The Committee recommends that market participants should not undertake trading activity that utilises the information from the client’s trade request during the last look window.
The Global Foreign Exchange Committee (GFXC) has provided an update on its approach to “last look” practices. The body said that during its meeting on November 14, 2017, there was a discussion about the feedback received to its Request for Feedback on Last Look practices in the Foreign Exchange Market.
Global Foreign Exchange Committee had addressed the industry urging market participants to provide feedback on Principle 17 of the Code.
This Principle states:
“During the last look window, trading activity that utilises the information from the Client’s trade request, including any related hedging activity, is likely inconsistent with good market practice because it may signal to other Market Participants the Client’s trading intent, skewing market prices against the Client, which (1) is not likely to benefit the Client, and (2) in the event that the Market Participant rejects the Client’s request to trade, constitutes use of Confidential Information in a manner not specified by the Client”.
In light of the feedback received, the GFXC has concluded that Principle 17 should indicate that market participants should not undertake trading activity that utilises the information from the client’s trade request during the last look window. At the same time, the Committee also agreed that Principle 17 should clarify the conditions under which certain trading arrangements, often referred to as “cover and deal”, may be distinguished from the last look guidance.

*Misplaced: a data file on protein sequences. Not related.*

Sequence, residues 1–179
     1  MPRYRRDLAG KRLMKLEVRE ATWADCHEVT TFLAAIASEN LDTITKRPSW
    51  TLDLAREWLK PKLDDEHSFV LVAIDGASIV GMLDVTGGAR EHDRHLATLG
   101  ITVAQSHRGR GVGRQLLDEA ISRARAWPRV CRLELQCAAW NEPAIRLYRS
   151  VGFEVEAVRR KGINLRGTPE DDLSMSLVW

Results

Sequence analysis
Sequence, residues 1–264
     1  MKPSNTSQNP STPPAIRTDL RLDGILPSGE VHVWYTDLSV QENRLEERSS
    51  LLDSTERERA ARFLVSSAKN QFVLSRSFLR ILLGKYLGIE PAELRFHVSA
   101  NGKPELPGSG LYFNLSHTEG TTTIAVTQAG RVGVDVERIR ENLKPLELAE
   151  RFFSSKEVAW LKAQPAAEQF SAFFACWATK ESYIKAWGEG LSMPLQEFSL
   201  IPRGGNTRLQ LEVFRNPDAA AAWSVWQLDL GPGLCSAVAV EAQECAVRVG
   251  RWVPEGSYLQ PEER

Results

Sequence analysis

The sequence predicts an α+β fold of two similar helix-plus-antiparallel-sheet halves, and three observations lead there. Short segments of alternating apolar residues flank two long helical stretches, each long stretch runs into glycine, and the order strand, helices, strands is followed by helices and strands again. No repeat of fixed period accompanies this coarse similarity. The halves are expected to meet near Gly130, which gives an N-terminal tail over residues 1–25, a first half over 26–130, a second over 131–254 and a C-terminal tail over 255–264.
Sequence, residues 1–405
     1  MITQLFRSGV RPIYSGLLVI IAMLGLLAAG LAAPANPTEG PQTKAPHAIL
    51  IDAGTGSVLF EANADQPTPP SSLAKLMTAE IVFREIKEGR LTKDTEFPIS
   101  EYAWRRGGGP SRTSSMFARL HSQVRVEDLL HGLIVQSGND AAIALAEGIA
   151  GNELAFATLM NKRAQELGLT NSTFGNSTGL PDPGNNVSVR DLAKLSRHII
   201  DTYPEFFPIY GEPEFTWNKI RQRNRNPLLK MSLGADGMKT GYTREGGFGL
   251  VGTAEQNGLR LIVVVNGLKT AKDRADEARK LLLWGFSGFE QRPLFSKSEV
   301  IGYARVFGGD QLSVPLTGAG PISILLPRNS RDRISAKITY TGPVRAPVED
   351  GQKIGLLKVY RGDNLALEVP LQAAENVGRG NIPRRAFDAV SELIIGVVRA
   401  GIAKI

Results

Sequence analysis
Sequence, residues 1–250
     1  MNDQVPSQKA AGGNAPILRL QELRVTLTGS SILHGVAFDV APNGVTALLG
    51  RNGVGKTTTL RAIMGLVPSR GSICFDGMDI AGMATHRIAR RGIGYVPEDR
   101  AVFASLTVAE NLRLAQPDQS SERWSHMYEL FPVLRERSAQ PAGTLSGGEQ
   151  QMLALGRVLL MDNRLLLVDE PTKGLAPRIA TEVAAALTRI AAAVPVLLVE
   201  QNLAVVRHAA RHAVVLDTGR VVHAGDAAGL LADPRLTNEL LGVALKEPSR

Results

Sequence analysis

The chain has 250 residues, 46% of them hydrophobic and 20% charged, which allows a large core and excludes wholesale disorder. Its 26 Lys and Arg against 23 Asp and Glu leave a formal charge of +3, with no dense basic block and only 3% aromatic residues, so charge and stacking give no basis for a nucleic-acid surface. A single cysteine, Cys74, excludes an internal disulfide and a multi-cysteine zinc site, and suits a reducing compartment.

In line with the GFXC’s review process, finalised language will be published by the end of this year.
In addition, the GFXC has commissioned further work on two areas. These are “cover and deal” trading arrangements and disclosures regarding last look on anonymous e-trading platforms. In both cases the objective is to determine whether the GFXC should enhance its guidance about good market practice, potentially through the development of additional illustrative examples for the Code.
Separately, the GFXC reaffirmed the importance of expanding the global reach of the Code and agreed a number of steps to secure this outcome.